VOA News

Venezuelan authorities have arrested six people they call “terrorists and hired killers” in what President Nicloas Maduro says was an assassination attempt against him.

The apparent attack during a a military parade Saturday involved two explosives-laden drones. One is said to have blown up in midair before reaching its target and the other smashed into an apartment building and later blew up.

Interior Minister Nestor Reverol says “important information” was collected during the raids in Caracas that resulted in the six arrests. He gave no other details.

Television pictures showed Maduro making a speech about the Venezuelan economy when an explosion was heard. Maduro glanced up and first lady Cilia Flores looked skyward, frightened with her hand to her chest.

The soldiers that had been standing in formation for the parade scattered.

Another blast took place at a building near where Maduro was speaking. A resident of the building told VOA Venezuelan correspondent Adriana Nunez that a drone fell into an adjacent parking lot and exploded.

Venezuelan President Nicolas Maduro reacts during an event that was interrupted, reportedly by explosives from drones, in this still frame taken from government video, Aug. 4, 2018, in Caracas, Venezuela.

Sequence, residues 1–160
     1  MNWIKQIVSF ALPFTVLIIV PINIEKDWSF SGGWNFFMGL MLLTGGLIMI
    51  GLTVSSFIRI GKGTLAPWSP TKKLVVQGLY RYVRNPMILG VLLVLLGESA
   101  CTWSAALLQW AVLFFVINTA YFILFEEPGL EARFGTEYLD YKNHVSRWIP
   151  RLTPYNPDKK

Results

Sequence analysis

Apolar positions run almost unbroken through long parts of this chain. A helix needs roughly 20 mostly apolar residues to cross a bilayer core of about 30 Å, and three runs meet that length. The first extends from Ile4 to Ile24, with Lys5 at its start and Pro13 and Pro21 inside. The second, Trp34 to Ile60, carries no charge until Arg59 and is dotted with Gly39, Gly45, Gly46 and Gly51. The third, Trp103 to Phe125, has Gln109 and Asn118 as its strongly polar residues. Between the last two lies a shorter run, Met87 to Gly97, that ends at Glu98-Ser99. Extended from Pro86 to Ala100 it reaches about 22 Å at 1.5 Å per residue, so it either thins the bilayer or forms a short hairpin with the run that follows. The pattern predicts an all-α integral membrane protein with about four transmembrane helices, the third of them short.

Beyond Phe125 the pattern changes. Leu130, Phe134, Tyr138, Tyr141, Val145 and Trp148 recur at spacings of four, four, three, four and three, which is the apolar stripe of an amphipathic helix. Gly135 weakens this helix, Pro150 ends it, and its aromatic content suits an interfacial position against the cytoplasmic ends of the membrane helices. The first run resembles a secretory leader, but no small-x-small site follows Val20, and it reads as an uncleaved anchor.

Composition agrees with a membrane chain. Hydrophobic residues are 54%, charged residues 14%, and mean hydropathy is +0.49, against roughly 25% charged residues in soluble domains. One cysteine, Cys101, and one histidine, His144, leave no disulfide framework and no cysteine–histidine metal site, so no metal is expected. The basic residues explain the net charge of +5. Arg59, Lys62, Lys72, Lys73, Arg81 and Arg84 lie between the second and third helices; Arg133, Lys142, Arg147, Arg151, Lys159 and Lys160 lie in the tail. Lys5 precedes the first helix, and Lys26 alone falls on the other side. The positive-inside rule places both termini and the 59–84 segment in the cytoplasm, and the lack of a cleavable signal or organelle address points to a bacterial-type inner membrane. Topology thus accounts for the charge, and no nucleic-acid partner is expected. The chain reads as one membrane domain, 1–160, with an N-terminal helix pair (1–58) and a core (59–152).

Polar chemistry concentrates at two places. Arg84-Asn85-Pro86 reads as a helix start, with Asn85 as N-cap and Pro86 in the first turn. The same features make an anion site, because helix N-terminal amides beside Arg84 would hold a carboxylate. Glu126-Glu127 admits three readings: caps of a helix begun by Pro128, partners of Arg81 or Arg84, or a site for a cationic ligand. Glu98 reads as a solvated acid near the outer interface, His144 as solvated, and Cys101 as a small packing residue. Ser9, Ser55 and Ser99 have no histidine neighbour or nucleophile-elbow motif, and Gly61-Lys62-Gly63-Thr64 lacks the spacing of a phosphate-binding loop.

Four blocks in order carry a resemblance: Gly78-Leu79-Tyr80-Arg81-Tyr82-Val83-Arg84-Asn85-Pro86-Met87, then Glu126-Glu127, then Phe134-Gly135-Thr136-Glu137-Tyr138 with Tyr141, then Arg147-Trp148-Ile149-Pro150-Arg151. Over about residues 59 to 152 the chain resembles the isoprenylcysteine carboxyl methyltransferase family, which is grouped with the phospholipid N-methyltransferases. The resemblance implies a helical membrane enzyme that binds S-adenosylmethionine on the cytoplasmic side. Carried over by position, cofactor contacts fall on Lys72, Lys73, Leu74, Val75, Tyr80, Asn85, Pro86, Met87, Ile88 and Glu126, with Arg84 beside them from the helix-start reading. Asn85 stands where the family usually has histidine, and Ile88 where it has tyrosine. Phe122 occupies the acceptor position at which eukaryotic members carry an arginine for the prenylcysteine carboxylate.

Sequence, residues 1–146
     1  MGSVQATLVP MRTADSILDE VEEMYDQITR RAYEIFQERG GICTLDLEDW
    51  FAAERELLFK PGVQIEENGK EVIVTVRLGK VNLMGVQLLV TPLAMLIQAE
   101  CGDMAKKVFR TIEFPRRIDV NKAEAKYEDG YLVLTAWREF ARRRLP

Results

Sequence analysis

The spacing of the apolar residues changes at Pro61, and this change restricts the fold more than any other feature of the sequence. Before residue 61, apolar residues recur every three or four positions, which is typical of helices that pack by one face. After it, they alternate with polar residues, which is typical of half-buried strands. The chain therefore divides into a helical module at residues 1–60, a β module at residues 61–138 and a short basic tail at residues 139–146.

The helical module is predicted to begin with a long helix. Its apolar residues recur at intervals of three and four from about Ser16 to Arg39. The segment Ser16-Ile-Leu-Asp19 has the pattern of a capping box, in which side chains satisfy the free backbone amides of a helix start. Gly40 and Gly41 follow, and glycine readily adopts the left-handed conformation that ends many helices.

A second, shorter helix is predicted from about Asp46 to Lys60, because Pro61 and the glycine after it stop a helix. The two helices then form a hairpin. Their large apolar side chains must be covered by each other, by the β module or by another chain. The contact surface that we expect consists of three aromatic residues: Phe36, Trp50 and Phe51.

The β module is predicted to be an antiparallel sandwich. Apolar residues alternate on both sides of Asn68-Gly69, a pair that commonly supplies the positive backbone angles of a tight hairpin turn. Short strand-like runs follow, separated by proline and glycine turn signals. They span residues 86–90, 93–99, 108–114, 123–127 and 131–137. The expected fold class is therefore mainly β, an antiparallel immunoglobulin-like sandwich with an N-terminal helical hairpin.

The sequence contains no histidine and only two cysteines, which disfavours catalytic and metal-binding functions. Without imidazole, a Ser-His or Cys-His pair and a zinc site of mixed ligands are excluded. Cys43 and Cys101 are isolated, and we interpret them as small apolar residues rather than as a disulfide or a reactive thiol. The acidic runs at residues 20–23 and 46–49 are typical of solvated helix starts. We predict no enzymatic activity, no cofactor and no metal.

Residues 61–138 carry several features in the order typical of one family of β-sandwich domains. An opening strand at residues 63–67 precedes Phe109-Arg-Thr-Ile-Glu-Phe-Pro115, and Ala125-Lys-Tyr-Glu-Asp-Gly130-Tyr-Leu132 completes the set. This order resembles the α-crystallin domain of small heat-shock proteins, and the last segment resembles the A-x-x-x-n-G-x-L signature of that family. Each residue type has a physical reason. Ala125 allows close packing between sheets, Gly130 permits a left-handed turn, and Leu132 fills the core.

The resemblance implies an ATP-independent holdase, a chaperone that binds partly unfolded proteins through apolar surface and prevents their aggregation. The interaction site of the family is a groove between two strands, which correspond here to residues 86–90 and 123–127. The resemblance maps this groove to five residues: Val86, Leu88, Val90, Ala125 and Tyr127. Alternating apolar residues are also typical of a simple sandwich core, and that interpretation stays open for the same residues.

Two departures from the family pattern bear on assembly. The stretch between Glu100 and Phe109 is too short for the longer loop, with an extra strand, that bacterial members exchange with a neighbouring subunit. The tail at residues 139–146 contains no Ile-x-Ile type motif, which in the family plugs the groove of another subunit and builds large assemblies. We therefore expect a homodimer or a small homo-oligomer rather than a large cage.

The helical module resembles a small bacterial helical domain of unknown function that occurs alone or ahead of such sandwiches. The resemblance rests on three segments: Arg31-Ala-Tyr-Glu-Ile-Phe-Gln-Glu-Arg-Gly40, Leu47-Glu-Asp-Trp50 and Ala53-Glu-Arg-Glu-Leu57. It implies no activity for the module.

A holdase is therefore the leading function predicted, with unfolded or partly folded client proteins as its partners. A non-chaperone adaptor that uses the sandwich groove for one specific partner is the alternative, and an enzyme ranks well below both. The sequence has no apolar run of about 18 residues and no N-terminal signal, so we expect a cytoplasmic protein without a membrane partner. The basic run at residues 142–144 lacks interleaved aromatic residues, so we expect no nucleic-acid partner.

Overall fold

Venezuelan President Nicolas Maduro reacts during an event that was interrupted, reportedly by explosives from drones, in this still frame taken from government video, Aug. 4, 2018, in Caracas, Venezuela.

An unharmed Maduro appeared on television hours later, saying “everything points” to a right-wing plot he claims originated in neighboring Colombia — a charge the Colombian government says is “without foundation.

He added that an initial investigation shows people living in the U.S. state of Florida financed the plot.

“I hope that President Donald Trump is ready to fight these terrorist groups,” Maduro said, accusing the United States of imperialism and trying to stir up a civil war in Venezuela.

U.S. National Security Advisor John Bolton told Fox television Sunday “unequivocally there was no U.S. government involvement in this at all.”

“If the government of Venezuela has hard information that they want to present to us that would show a potential violation of U.S. criminal law, we’ll take a serious look at it,” Bolton said. “In the meantime, I think what we really should focus on is the corruption and oppression in the Maduro regime in Venezuela.”

The collapse in world energy prices, failed socialist policies and corruption have destroyed the oil-rich Venezuelan economy, leading to deadly protests, severe food and gasoline shortages, and a 40,000 percent inflation rate for July.

Thousands of Venezuelans have fled across the border into neighboring Colombia.

Maduro blames his country’s woes on what he says is a U.S.-funded opposition seeking to topple him.

Maduro was elected in May to a new six-year term. International observers and the opposition call the election a sham.

VOA Spanish Service contributed to this report.